Konerko won’t meet the media’s definition of most valuable, because barring a miracle, his team won’t make the playoffs. But he has been the lone bright spot in a Chicago offense that was let down by the total failure of Adam Dunn to produce. Konerko is a .300 hitter who draws walks, has hit 28 HRs—more than Cabrera or Gonzalez—and though he’s last among the foursome in RBIs, the fact he has 92 puts him in the same ballpark with his brethren and is amazing given how little offensive help is around him.
Adrian Gonzalez had a little power outage after a runner-up showing in the Home Run Derby and his 23 HRs are the lowest in this group. But he’s leading the entire American League in hitting at .342 and his OBP is up over .400. With 105 RBIs and 98 runs scored, he’s easily involved in more scoring than his rivals.
On the basis of pure numbers it’s hard to argue against Cabrera. His on-base percentage is a dazzling .434, easily the best in this group. His slugging percentage is .562, also the best. He’s hitting .332, has bashed 26 home runs and has a combined 191 RBIs/Runs, not far off of Gonzalez’s 203 and ahead of Teixeira’s 185 (Konerko is killed by his lineup in this stat, scoring only 62 runs).
If we can’t argue against Cabrera on the basis of stats, what can we argue against. That he plays in a congenial hitter’s environment. Well, no—Comerica Park is one of the more pitcher-friendly parks in the American League. Is that he’s not on a contender. No, the Tigers are running away with the AL Central. Is he less valuable to his lineup than his four rivals—Detroit does have a good collection of hitters right now, but certainly Cabrera has no more support than Gonzalez or Teixeria do. So what’s the problem?
I’m not sure why Cabrera can’t get recognition as the top first baseman in the American League and to be a vital part of the MVP discussion. He’s had some personal issues off the field that have hurt his image, but that hasn’t stopped Alex Rodriguez from winning MVP trophies, nor did it prevent Manny Ramirez from getting league-wide recognition for his accomplishments. The Detroit first baseman is the best at his position and at the very least, he’ll get a little love in the pages of the Notebook.
MISSISSIPPI STATE & NORTHWESTERN COME OUT FIRING
Two teams the Notebook was high on were Mississippi State and Northwestern, picking the Bulldogs to finish ahead of LSU and Auburn in the SEC West and reach a BCS bowl game and the Wildcats to push past Nebraska, Michigan and Michigan State and claim the Big Ten’s first-ever Legends Division title. Both dark-horse picks got off to solid starts in last weekend’s openers.
Mississippi State didn’t have the toughest of tests, as they played Memphis, perhaps the worst college football team outside the state of New Mexico. But it does say something about where MSU has come as a program that they hung a beatdown similar to what an Alabama or Florida in its heyday might have done. The Bulldogs rolled up a 59-14 win, while running back Vick Ballard needed only 10 carries to get 166 yards. Chris Relf threw the ball efficiently, going 13/21 for 202 yards, with his favorite target being Jameon Lewis. If nothing else, Mississippi State has shown it can hammer bad teams, and that’s the first step on to joining the national elite. The second step? That would be how well you play against teams like Auburn and LSU…and they happen to be on the MSU schedule for Saturday and the following Thursday. It will only take five days to find out if Dan Mullen’s program is at where the Notebook thinks they’re at.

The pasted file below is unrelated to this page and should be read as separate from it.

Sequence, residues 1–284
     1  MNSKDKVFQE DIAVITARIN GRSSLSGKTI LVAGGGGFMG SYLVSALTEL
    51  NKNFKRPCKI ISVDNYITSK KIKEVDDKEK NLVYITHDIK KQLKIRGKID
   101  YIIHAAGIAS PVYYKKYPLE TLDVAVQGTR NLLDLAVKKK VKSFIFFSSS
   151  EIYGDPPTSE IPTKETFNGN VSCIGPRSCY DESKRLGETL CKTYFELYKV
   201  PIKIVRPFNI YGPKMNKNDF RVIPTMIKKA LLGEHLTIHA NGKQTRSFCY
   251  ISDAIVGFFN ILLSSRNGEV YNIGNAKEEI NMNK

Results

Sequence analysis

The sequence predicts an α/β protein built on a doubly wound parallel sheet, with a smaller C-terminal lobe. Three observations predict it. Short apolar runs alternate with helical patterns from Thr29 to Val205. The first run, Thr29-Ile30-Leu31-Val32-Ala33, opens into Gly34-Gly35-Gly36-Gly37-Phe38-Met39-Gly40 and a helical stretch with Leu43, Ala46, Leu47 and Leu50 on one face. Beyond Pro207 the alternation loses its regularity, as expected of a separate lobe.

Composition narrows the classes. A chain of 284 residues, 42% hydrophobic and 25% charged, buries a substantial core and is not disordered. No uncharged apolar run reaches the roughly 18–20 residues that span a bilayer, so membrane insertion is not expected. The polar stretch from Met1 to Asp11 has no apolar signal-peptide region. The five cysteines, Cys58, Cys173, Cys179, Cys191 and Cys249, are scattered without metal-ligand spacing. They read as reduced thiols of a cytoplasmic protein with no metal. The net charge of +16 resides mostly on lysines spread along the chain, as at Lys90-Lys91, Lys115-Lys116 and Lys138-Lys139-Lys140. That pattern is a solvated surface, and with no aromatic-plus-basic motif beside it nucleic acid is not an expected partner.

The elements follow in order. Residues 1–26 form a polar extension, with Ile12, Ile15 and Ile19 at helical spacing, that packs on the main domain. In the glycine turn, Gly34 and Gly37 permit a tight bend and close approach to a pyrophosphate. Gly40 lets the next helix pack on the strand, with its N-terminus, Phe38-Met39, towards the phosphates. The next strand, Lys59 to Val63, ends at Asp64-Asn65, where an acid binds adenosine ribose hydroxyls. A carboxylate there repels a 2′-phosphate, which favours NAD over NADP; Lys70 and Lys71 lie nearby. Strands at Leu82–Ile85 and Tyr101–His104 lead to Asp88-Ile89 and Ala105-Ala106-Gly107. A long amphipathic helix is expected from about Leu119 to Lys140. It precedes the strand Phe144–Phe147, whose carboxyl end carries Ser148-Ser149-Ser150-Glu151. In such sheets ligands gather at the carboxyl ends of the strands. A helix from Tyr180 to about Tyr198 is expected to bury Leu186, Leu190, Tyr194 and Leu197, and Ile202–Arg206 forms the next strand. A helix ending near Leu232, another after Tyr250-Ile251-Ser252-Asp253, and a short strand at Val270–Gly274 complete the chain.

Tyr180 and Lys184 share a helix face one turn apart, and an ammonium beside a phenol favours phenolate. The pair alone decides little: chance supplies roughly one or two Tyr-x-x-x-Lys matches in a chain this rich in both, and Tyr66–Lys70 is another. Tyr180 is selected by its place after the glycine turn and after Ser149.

Northwestern had a tough game at Boston College, and it got tougher when they found out Dan Persa, the best quarterback in the Big Ten, wouldn’t be able to play. NU showed how far they’ve come as a program by getting down and getting physical with an opponent who’s shown the ability to do the same in recent years. The Wildcats won the battle for rushing yardage, 227-104. Pass defense was a concern as BC’s talented sophomore quarterback Chase Rettig threw for 375 yards, but when you take about the Eagle running game they are a different team. And Northwestern made it stand up in a 24-17 win. Pat Fitzgerald has clearly instilled a new toughness into a team that’s generally had to win by finesse, and that will bear them well in the battles ahead. Fitzgerald’s team doesn’t have the immediate tests like Mississippi State does, but after this week, back-to-back road games give them a chance to show they’ve established consistency.
*It's Closing Weekend at Saratoga as the track runs through Labor Day, while Del Mar out west is set to wrap it up September 7. Visit Bloodhorse.com for updates on the doings here and at major tracks around the country.